USPS financial crisis
by Rockwell Sands @

How to Fix the USPS Financial Crisis

Congress dug USPS into a major financial hole with legislation passed in 2006...but we can still dig USPS out in time to save it

Can you imagine in a world in which you didn’t receive mail anymore? No more letters, no more birthday cards, no more nothing? Well, if our legislators don’t find a way to save the Postal Service soon, that idea may very well become a reality. There’s no doubt that USPS is in dire financial straits right now, with a budget deficit in the billions of dollars growing wider each day. However, the first thing you need to know about USPS’ financial crisis is that Congress created it. In 2006, Congress enacted a federal mandate that requires USPS to pre-fund future employees’ health and retirement benefits. While both Congress and the Senate debate on how to help the Postal Service, here are three ideas that can potentially help fix the USPS financial crisis.

1. Eliminate the Pre-Funding Mandate

The most obvious solution to setting the Postal Service on sound financial footing is to eliminate the pre-funding mandate. Pre-funding future employees’ health and retirement benefits is not essential to USPS’ business model. Ever since Congress enacted the pre-funding mandate in 2006, USPS has operated at a net loss each year. In fact, pre-funding is the main reason why USPS lost $3.9 billion in 2018. Where there’s smoke there’s fire, and repealing the pre-funding mandate is the first and most obvious step to fix the USPS financial crisis.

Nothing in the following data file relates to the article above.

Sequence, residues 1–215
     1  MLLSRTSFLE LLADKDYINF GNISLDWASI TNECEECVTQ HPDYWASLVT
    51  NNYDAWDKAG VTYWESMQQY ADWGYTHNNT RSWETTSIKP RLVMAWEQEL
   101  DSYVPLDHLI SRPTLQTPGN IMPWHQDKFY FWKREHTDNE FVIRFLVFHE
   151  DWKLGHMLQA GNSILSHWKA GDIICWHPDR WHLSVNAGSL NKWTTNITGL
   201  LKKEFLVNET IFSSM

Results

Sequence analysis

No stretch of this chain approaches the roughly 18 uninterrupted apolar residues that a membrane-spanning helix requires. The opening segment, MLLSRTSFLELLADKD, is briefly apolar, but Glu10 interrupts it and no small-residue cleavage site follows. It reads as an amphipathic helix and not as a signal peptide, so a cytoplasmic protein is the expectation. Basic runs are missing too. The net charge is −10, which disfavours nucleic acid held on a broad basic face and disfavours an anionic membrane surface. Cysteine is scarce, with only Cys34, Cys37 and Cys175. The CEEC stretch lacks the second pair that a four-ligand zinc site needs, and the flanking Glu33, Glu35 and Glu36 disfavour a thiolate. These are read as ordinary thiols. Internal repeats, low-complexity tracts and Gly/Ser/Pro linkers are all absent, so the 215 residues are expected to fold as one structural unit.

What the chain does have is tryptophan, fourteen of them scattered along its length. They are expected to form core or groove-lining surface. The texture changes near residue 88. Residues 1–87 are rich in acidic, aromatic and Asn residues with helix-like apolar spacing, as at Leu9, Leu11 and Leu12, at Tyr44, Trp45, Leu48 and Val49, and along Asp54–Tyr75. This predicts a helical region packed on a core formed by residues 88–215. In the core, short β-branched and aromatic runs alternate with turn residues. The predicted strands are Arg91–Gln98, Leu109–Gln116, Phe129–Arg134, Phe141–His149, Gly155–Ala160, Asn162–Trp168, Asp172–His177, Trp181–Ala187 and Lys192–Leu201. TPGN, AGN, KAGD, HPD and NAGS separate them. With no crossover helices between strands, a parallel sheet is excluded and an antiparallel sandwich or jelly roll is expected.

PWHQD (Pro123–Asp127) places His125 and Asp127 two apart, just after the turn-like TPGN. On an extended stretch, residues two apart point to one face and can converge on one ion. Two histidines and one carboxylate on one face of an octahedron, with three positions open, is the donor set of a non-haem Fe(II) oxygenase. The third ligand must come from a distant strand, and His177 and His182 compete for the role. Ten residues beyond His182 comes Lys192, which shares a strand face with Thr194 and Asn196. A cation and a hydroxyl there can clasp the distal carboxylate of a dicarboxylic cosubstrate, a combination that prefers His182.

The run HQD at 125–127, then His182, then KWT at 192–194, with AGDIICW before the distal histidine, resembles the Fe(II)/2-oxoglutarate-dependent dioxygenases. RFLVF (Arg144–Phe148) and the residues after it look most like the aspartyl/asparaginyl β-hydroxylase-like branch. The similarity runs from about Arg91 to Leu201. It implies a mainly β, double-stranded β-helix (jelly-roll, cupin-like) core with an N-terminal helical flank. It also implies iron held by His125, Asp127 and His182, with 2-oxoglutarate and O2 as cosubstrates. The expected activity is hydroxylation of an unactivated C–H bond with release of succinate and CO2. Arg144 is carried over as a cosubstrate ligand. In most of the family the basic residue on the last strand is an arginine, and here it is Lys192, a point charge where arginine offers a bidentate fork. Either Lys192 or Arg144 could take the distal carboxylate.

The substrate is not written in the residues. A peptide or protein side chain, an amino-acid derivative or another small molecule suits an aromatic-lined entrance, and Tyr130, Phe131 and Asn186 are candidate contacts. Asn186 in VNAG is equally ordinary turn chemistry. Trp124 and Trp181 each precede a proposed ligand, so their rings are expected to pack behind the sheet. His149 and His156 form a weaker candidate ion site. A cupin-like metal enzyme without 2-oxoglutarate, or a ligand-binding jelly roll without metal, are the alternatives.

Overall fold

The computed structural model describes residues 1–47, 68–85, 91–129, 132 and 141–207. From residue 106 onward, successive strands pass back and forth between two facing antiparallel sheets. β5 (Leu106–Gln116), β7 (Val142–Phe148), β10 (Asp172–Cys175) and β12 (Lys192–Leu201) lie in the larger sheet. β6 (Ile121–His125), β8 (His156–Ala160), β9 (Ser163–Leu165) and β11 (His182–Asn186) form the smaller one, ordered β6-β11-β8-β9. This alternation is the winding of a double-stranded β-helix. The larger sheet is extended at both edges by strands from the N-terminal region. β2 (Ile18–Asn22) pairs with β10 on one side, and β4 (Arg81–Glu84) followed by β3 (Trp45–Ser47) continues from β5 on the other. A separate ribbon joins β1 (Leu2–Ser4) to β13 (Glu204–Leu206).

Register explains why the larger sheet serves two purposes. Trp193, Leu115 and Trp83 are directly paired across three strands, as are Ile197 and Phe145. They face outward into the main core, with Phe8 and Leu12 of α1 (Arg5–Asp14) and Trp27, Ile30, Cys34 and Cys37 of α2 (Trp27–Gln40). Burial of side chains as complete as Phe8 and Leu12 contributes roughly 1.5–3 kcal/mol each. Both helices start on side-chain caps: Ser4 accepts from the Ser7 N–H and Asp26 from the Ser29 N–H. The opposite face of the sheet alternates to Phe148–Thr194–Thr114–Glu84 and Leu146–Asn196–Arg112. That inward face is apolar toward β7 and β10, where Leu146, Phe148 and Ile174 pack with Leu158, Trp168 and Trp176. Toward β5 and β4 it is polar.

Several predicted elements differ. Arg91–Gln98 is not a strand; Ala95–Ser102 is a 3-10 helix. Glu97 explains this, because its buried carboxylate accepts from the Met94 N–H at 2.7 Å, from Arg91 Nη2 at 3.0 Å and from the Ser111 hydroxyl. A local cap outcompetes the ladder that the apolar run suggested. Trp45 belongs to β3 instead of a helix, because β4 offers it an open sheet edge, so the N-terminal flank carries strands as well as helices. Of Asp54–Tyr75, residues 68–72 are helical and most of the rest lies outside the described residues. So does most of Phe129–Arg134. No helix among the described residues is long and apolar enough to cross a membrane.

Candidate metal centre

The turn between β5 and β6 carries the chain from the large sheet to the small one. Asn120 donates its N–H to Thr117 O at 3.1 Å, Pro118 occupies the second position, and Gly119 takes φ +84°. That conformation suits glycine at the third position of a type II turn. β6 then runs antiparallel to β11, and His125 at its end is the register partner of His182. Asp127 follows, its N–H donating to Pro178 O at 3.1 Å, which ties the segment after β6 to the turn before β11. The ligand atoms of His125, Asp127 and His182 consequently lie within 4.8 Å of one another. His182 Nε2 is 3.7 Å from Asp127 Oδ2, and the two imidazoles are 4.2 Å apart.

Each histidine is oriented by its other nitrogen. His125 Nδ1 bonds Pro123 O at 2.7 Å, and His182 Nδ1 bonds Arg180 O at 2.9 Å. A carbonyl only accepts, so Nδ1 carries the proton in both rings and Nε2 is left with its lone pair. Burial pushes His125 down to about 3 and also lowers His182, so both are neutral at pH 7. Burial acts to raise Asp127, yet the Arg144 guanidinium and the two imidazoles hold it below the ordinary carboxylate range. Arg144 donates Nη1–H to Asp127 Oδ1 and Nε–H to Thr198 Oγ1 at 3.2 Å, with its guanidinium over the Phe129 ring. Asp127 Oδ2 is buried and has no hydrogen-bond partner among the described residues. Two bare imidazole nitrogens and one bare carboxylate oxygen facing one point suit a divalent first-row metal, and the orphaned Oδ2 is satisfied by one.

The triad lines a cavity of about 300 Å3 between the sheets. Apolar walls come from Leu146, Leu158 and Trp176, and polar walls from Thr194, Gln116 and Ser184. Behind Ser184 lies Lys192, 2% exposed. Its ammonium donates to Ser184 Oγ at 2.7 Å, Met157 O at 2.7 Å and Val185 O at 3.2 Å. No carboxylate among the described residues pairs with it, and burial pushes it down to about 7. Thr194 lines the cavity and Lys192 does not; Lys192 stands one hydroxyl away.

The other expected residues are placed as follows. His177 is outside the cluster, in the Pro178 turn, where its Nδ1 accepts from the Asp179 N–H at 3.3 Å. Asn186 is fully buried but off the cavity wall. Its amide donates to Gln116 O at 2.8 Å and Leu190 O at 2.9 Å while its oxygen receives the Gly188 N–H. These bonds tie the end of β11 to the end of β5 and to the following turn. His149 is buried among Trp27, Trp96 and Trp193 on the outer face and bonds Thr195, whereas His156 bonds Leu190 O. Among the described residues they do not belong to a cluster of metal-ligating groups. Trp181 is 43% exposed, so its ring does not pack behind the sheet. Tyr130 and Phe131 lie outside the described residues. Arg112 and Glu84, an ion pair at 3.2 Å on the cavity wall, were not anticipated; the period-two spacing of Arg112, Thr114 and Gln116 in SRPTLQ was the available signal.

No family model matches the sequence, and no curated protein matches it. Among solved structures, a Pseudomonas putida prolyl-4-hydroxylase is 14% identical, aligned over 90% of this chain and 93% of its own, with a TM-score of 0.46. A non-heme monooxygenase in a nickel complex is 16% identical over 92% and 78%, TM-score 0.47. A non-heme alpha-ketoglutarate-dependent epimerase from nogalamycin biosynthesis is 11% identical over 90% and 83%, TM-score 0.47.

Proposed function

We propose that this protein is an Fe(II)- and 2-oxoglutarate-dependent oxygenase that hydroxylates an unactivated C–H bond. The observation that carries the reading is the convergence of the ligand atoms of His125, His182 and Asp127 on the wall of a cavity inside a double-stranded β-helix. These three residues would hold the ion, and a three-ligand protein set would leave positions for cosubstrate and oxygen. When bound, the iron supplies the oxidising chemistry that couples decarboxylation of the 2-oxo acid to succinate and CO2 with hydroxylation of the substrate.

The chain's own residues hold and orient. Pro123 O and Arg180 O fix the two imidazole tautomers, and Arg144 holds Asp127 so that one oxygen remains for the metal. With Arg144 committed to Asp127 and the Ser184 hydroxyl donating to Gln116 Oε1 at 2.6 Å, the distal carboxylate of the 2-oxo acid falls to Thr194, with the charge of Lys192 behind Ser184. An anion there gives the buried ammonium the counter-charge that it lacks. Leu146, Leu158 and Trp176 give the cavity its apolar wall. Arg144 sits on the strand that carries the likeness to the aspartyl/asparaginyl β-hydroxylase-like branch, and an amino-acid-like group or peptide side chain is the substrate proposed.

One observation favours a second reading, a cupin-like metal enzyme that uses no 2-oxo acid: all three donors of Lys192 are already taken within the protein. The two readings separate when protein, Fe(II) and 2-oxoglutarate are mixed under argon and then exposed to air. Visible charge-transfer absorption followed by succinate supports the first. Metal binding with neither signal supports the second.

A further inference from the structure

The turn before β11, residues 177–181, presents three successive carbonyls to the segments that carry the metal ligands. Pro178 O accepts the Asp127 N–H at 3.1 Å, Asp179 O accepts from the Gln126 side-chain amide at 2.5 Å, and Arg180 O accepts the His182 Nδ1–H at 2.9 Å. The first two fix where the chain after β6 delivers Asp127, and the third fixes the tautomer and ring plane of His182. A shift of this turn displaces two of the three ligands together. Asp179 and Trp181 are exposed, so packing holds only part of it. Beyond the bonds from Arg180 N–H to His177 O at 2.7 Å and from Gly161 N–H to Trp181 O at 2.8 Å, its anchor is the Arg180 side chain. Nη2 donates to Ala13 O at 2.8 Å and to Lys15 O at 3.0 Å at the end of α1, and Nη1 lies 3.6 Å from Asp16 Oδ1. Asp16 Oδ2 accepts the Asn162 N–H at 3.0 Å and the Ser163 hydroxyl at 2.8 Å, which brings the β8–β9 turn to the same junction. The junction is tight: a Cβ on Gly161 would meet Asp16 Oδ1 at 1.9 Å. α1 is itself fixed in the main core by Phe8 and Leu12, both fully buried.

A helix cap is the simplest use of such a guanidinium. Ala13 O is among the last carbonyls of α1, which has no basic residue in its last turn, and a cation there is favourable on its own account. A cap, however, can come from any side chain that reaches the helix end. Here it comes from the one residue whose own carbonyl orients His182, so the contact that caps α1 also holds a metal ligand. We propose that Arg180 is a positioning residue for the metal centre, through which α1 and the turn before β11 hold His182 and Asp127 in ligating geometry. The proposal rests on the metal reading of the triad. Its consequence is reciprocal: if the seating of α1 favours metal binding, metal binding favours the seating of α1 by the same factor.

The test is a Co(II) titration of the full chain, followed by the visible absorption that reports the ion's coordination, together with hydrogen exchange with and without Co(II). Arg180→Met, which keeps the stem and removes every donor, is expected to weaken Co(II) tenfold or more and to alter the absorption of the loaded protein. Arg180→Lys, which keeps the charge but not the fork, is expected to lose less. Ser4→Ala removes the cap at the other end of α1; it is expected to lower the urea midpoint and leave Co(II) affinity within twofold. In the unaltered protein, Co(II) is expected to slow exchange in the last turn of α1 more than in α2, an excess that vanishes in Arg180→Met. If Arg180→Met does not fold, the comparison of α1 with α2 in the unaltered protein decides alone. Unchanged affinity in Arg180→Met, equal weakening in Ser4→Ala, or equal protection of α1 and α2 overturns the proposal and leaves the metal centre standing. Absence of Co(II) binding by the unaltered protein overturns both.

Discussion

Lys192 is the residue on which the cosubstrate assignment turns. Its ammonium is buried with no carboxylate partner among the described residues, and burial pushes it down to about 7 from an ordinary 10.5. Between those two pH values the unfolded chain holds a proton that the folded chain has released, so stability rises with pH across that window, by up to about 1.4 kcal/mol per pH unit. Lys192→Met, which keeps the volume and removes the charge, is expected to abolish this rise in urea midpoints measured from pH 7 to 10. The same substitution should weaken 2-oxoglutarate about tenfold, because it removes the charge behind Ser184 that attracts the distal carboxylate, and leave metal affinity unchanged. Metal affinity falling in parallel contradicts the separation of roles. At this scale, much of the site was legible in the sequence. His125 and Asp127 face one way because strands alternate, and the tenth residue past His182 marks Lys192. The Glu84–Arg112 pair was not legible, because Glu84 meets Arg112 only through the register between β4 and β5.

2. Adopt GAAP (Generally Accepted Accounting Principles)

Unlike most large American corporations, the US Postal Service doesn’t use GAAP in their accounting practices to determine the organization’s liabilities. Following the GAAP method would place USPS employees on an actual vested liability schedule, rather than the total projected liability schedule they are currently on. Think of an actual vested liability schedule kind of like paying off a credit card each month. On the other hand, a total projected liability schedule is like using a credit card your entire life and then paying it all off at one time. USPS currently takes the latter approach, which requires them to make enormous payments at once. All in all, changing this liability schedule would reduce the USPS deficit by approximately $41 billion.

3. Allow USPS Workers to Invest in More Than Low-Return Treasury Bonds

Did you know that USPS workers can only invest in Treasury bonds as part of their retirement benefits? It’s true. USPS employees can currently only invest in specialized Treasury bonds, and relative to corporate pension funds, these investment restrictions have generated less-than-stellar returns. As a result, USPS has had to pinch pennies and set aside money to meet its financial obligations to retirees. A simple solution would be to broaden the scope of assets that USPS employees can invest in to generate potentially much more attractive financial returns. This would put more money in USPS retirees’ pocket and give USPS itself a bit more financial breathing room at the same time.

We Need the Postal Service More than We Realize

It’s not just every American who relies on the Postal Service to deliver their mail every day. Millions of businesses also use USPS’ shipping services as the backbone of their eCommerce operations. Even Amazon CEO Jeff Bezos gave an interview earlier this week in which he credited USPS for Amazon’s early success. Losing access to USPS’ universal services and affordable rates would send ripples throughout our nation’s economy, and consequently, the global economy, as well.

There’s no debating that America needs the United States Postal Service. We all need to come together and find a way to save it. These three ideas could provide the right starting point.

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